Becoming a mother is hard. There is the obvious stuff like morning sickness and complete strangers thinking it’s acceptable to touch your stomach without asking. Then there are those unexpected hardships that would have been nice for someone to give you a heads-up on — loss of teeth, loss of balance, and, in some cases, loss of employment. From the American Lawyer:
A complaint filed with the Equal Employment Opportunity Commission alleges DLA Piper fired a senior associate in New York because she requested maternity leave.
Former senior associate Anisha Mehta, represented by employment litigation firm Wigdor, claimed she had received no adverse performance reviews or criticism prior to her firing. To the contrary, Mehta left a job at K&L Gates in Chicago to join the firm, relocated to New York and received a $54,600 signing bonus, and also garnered a six-figure year-end bonus and three substantial raises by October 2022, according to the complaint, which was filed in December and circulated by the associate’s attorney this week.
Yet in early October 2022, Mehta was fired six days after she submitted her formal request for maternity leave, which occurred while she was six months pregnant. Reached by phone, Wigdor partner Jeanne Christensen said DLA Piper fired Mehta to avoid paying 18 to 20 weeks of her salary while she took maternity leave, leaving Mehta with scarce options to attain a job while already six months pregnant. To date, Mehta is still unemployed.
Talk about a crappy baby shower present. As most people (should) know, firing a person for asking to take maternity leave is retaliatory. This may still be news to law firms — remember that partner who characterized maternity leave as “sitting on your ass” not too long ago? It is still early to say who was or was not in the wrong here, but the facts do look to be in Mehta’s favor.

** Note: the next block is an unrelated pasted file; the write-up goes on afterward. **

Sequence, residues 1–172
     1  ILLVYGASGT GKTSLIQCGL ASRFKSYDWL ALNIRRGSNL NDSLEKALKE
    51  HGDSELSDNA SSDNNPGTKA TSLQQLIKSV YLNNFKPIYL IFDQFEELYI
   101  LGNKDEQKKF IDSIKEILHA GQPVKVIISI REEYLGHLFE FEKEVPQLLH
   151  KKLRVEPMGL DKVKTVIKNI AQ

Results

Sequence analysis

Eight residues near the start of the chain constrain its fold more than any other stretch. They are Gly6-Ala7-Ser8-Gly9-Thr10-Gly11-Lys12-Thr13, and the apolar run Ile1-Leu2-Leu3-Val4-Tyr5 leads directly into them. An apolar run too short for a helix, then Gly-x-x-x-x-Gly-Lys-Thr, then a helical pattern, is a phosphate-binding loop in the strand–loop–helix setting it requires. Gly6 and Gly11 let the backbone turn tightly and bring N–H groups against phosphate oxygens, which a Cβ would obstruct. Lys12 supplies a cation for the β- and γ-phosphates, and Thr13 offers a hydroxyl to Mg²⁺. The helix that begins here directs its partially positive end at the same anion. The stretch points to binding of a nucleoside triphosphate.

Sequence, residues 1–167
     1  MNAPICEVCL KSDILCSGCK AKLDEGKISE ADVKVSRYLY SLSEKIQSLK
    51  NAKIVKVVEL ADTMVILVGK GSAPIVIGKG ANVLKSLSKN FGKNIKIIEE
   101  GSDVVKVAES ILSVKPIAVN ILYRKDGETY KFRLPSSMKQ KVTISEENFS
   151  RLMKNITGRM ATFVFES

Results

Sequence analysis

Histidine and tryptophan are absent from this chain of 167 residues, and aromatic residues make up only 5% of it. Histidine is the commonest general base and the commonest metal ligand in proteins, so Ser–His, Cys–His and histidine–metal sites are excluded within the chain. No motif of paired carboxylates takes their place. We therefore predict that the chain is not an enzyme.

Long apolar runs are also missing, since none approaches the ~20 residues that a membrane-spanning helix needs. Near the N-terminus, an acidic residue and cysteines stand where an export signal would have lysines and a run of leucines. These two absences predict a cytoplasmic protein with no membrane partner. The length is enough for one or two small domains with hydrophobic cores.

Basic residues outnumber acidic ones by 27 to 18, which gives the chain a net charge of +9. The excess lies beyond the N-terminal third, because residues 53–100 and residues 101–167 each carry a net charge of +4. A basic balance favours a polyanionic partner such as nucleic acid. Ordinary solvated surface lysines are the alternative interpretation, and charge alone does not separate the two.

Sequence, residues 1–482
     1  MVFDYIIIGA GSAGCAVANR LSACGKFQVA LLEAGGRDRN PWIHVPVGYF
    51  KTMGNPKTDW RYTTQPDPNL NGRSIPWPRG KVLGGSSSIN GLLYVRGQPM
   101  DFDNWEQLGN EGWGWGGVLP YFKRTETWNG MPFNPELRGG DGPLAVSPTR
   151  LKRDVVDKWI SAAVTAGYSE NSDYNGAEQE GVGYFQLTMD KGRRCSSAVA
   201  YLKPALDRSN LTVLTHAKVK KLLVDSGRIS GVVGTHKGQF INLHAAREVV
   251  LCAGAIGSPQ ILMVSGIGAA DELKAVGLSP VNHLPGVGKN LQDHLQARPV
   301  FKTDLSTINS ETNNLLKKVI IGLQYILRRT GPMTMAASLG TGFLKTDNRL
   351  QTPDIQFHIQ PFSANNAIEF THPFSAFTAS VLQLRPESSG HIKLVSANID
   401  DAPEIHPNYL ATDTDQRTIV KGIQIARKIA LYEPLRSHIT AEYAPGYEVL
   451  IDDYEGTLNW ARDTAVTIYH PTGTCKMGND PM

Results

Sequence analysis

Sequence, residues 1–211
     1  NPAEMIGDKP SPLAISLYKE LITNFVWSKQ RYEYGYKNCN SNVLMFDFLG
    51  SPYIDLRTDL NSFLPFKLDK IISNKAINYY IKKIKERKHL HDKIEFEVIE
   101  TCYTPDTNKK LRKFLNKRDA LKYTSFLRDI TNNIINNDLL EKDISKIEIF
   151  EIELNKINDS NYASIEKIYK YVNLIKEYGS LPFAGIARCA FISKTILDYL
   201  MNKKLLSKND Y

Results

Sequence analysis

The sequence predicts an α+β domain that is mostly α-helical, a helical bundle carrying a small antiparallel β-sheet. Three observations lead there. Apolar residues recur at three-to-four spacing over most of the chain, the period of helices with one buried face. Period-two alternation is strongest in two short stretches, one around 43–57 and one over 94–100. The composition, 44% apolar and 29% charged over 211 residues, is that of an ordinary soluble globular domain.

Mehta’s supervisor Gina Durham, partner and deputy practice leader of the intellectual property and technology group, cited Mehta’s lack of preparation for a March 2022 client call and a sloppy brief as grounds for her termination. Refuting Durham’s alleged rationale, Mehta’s complaint states Durham hadn’t adequately communicated Mehta’s responsibilities for the client call and noted the sloppy brief was in fact the work of a different associate. Meanwhile, partners such as Chicago intellectual property practice co-chair Keith Medansky praised Mehta for her work, per the complaint.
We will keep you up to date as the case develops.
Chris Williams became a social media manager and assistant editor for Above the Law in June 2021. Prior to joining the staff, he moonlighted as a minor Memelord™ in the Facebook group Law School Memes for Edgy T14s. He endured Missouri long enough to graduate from Washington University in St. Louis School of Law. He is a former boatbuilder who cannot swim, a published author on critical race theory, philosophy, and humor, and has a love for cycling that occasionally annoys his peers. You can reach him by email at firstname.lastname@example.org and by tweet at @WritesForRent.